Good times are here – Annette Scott:
It’s been a long time coming but sheep farming is where it should be, Federated Farmers meat and fibre chairman Miles Anderson says.
With winter schedules knocking on the door of $8, global markets largely continuing to track along at the solid pace of recent months and global inventories remaining low it’s a good time to be a sheep farmer, he said.
Confidence at the farmgate in sheep is strongest since 2011. . .
Get picky when buying stock – Glenys Christian:
More than 150 farmers at a Mycoplasma bovis meeting in Dargaville were told to choose their breeder rather than their bull.
“You need to ask some very strong questions,” Chris Biddles, who established Te Atarangi Angus stud on the nearby Pouto Peninsula over 30 years ago, said.
Firstly, farmers looking for service bulls for their herds should choose a breeder with a registered herd. . .
Tractor and machinery sales could hit a record high by the end of the year, even though rural customers are exercising caution, says an industry body.
Sales of tractors are up more than 25 per cent on this time last year and all sectors are showing buoyancy, said new NZ Tractor and Machinery Association president John Tulloch.
Year-to-date figures to the end of June showed a total of 1876 sales across all HP categories compared with 1448 in 2017: a total increase of 26.1 per cent. . .
Mycoplasma bovis: supposed facts don’t add up – Keith Woodford:
[With the re-organisation of the New Zealand rural media and the demise of NZ Farmer for which I previously wrote, this is the first of a new series of fortnightly articles I will be writing for Farmers Weekly and also published at http://www.interest.co.nz. Whereas my articles in Stuff (online and in their hardcopy newspapers ) are about rural issues, but largely for an urban audience, the Farmers Weekly articles are primarily for farmers and those more directly involved in rural matters.]
A key message from the Ministry of Primary Industries (MPI) has been “generally prolonged or repeated contact with infected animals is required for the disease to be transmitted” (MPI website). Another key message has been that the disease has only been here since the end of 2015. . . .
Farmers have just one week left to submit their opinions on the Zero Carbon Bill. Climate change ambassadors for the dairy sector are urging farmers to have their say on the new 2050 emissions target the bill will set in place.
The government is asking for public feedback on three possible 2050 emission reduction targets.
DairyNZ and many other primary sector organisations are supportive of a new target which will reduce carbon emissions to net zero, and stabilise methane emissions. This is an option dairy farmers can support by submitting online. . .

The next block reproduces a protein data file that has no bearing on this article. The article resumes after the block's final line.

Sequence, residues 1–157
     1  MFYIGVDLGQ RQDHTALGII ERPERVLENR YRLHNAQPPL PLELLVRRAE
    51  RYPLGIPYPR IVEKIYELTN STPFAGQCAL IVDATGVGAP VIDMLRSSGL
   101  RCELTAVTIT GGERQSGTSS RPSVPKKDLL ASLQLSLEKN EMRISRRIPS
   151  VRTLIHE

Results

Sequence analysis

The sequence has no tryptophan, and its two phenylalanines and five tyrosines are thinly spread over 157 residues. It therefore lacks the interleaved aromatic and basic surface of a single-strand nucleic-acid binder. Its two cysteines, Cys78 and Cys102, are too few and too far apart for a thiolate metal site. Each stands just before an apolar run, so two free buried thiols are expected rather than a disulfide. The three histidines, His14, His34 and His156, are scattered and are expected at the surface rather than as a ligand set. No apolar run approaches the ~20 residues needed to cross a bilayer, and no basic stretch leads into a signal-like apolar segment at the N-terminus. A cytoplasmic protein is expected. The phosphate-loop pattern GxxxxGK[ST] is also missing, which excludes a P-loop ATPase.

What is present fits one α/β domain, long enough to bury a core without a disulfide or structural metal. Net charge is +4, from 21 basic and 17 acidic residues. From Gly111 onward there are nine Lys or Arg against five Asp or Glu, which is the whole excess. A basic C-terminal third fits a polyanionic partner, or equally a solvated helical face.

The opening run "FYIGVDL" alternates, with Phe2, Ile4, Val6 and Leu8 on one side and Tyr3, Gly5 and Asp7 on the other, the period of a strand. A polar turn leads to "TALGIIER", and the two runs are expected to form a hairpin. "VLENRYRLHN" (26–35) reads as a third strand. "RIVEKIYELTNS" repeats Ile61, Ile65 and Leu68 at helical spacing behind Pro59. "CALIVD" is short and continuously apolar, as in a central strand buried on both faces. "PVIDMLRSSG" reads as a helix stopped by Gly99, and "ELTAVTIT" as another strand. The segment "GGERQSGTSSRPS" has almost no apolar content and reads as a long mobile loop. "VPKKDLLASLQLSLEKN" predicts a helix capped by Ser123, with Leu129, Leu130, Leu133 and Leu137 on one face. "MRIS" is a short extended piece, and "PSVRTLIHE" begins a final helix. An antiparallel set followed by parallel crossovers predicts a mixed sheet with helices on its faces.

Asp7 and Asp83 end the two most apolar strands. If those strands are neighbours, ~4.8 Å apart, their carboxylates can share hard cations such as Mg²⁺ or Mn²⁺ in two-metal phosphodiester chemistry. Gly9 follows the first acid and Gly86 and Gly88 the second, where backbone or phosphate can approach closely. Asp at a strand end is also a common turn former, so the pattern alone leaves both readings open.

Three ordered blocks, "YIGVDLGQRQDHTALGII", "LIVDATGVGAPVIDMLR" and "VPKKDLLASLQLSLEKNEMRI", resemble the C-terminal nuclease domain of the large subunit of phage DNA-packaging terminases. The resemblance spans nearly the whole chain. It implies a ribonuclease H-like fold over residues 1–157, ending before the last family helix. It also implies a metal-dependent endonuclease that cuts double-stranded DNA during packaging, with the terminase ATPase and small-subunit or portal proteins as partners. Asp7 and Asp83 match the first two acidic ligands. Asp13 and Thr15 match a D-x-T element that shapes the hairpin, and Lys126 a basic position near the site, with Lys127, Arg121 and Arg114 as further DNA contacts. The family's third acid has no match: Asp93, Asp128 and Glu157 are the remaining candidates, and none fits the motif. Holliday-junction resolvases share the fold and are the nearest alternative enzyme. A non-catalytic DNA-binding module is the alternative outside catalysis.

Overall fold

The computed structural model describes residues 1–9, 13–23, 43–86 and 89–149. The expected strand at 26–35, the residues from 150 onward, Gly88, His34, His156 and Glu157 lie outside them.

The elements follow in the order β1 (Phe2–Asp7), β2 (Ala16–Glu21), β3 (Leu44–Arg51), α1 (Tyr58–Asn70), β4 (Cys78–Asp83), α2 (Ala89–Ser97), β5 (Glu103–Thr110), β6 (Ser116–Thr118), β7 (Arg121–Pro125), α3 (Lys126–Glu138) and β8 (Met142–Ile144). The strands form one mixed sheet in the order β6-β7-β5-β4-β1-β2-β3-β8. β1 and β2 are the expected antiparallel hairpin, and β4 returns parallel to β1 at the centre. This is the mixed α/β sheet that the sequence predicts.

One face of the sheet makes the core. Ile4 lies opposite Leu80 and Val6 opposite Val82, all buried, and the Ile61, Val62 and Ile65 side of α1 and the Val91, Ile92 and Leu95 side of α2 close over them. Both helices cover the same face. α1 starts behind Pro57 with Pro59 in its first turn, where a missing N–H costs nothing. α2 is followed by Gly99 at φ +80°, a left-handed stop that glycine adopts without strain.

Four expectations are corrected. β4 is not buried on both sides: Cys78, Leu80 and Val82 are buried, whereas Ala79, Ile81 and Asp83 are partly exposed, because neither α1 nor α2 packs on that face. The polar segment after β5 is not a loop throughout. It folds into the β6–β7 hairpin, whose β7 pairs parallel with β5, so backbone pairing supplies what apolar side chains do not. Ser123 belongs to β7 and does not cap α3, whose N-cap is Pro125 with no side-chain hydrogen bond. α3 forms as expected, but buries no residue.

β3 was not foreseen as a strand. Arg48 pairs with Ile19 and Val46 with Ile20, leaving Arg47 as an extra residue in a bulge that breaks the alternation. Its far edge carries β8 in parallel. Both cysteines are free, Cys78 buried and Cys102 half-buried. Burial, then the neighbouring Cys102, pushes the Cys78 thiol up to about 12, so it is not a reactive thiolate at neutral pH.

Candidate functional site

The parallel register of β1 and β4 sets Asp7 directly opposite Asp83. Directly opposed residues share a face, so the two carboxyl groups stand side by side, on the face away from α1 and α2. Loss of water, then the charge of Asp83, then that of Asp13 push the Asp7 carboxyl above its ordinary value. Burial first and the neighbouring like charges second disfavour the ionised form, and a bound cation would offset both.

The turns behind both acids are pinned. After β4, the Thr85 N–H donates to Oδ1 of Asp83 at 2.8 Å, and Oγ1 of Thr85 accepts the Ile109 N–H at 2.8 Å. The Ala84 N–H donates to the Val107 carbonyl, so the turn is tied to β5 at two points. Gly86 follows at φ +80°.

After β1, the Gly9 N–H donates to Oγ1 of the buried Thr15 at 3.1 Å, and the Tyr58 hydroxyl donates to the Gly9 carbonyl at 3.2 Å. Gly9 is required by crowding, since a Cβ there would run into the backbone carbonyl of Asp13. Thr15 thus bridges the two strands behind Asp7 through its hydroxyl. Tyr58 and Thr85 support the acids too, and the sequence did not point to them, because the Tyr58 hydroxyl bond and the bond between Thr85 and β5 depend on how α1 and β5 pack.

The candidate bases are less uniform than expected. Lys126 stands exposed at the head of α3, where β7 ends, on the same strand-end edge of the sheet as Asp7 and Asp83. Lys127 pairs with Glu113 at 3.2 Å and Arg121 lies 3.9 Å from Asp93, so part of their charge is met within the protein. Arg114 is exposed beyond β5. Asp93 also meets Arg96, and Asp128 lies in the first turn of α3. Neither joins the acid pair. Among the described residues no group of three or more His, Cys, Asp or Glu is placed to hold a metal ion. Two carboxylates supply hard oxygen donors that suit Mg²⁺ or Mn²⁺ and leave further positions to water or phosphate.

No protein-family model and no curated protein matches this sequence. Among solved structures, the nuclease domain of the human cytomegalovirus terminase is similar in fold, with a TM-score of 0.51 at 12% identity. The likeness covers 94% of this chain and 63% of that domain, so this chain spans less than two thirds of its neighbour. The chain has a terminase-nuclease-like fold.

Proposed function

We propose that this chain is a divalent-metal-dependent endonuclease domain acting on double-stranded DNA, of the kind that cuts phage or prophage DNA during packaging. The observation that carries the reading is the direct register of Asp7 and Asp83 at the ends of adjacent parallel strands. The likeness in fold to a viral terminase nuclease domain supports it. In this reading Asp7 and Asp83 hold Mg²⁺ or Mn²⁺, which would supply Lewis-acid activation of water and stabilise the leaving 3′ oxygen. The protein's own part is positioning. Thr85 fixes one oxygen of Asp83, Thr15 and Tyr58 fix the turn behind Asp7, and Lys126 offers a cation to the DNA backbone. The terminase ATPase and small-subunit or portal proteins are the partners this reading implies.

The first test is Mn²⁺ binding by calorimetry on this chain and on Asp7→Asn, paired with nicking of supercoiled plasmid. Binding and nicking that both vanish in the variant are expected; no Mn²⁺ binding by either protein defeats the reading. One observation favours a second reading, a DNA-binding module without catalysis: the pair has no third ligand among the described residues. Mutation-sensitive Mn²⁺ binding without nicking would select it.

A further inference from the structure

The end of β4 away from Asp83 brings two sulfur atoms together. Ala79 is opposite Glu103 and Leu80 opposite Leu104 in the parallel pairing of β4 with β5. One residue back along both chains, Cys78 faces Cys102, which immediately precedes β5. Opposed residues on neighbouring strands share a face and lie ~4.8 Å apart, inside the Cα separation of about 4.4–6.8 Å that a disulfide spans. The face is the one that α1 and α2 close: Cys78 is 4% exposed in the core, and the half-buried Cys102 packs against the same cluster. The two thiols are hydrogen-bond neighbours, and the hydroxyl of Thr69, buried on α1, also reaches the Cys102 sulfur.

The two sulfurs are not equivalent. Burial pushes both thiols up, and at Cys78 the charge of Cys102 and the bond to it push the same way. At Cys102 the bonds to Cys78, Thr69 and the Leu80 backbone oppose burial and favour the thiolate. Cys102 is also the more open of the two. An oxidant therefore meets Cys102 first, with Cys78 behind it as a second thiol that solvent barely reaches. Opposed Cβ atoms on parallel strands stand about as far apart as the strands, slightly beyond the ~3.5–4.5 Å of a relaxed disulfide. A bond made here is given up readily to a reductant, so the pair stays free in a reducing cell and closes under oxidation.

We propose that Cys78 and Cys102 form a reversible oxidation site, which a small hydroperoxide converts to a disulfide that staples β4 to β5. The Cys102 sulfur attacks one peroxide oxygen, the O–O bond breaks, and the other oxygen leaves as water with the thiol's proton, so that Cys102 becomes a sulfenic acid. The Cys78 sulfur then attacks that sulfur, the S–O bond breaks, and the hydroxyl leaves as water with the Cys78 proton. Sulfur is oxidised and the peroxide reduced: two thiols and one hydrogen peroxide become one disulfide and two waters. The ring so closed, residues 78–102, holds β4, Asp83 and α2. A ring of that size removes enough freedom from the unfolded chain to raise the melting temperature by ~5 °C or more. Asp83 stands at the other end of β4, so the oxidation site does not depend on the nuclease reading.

Motor Industry Association calls for new safety rules for ATV operators – Olivia Fairhusrt:
The Motor Industry Association (MIA) is calling for mandatory safety rules for the use of quad bikes and small utility vehicles in the workplace, after several coronial inquests.
The inquests revealed new rules would reduce serious injuries and fatalities, which prompted the call to the Minister of Workplace Relations and Safety for compulsory regulations.
The association called for helmets to be made compulsory, children under 16 to be forbidden from riding adult size quad bikes and passengers to be banned from single seat bikes.
Association chief executive David Crawford said the safe use of small vehicles, farm bikes, ATV (All-Terrain Vehicles) and side-by-side vehicles is “of paramount importance to manufacturers, distributors, dealerships and their customers“. . .
A leading dairy figure is warning the Australian industry needs to address underlying issues affecting farm profitability, rather than fixating on milk prices.
Farmgate milk prices have been in the spotlight since major processors suddenly and retrospectively cut prices in 2016.
The man who has headed up some of the largest dairy companies in the southern hemisphere said the trend of decreasing farm profitability in Australia had been emerging well before the dairy crisis. . .
Lab meat: more hype than substance – Post Veganism:
If you believe all the headlines, in a few short years or even less time, the way meat is grown will radically change. Brewing like tanks full of dividing cells will replace farms and factory farms raising livestock, thus no more animals will be slaughtered, all environmental issues- including climate change and water scarcity- will be resolved, world hunger will no longer exist, and deforestation will no longer be necessary. Plus best of all there will be meat a plenty that even die-hard vegans can consume with a clear conscience.
Okay, maybe this representation is a little bit of an exaggeration, but not by much. A lot of hyped up marketing spin is involved and has been expended to “position” lab meat, including re-branding it as “clean meat” (in vitro meat, cell meat, and cultured meat also didn’t do so good in the marketing surveys). That hype involves creating a market for a product line that might otherwise only have a very limited audience and appeal. To build a market, consumers have to be dissuaded from consuming real meat. So to build an audience a whole litany of out of context statistics are repeated about water footprints, land use, feed efficiency, deforestation, greenhouse gases, health concerns, and animal welfare. . .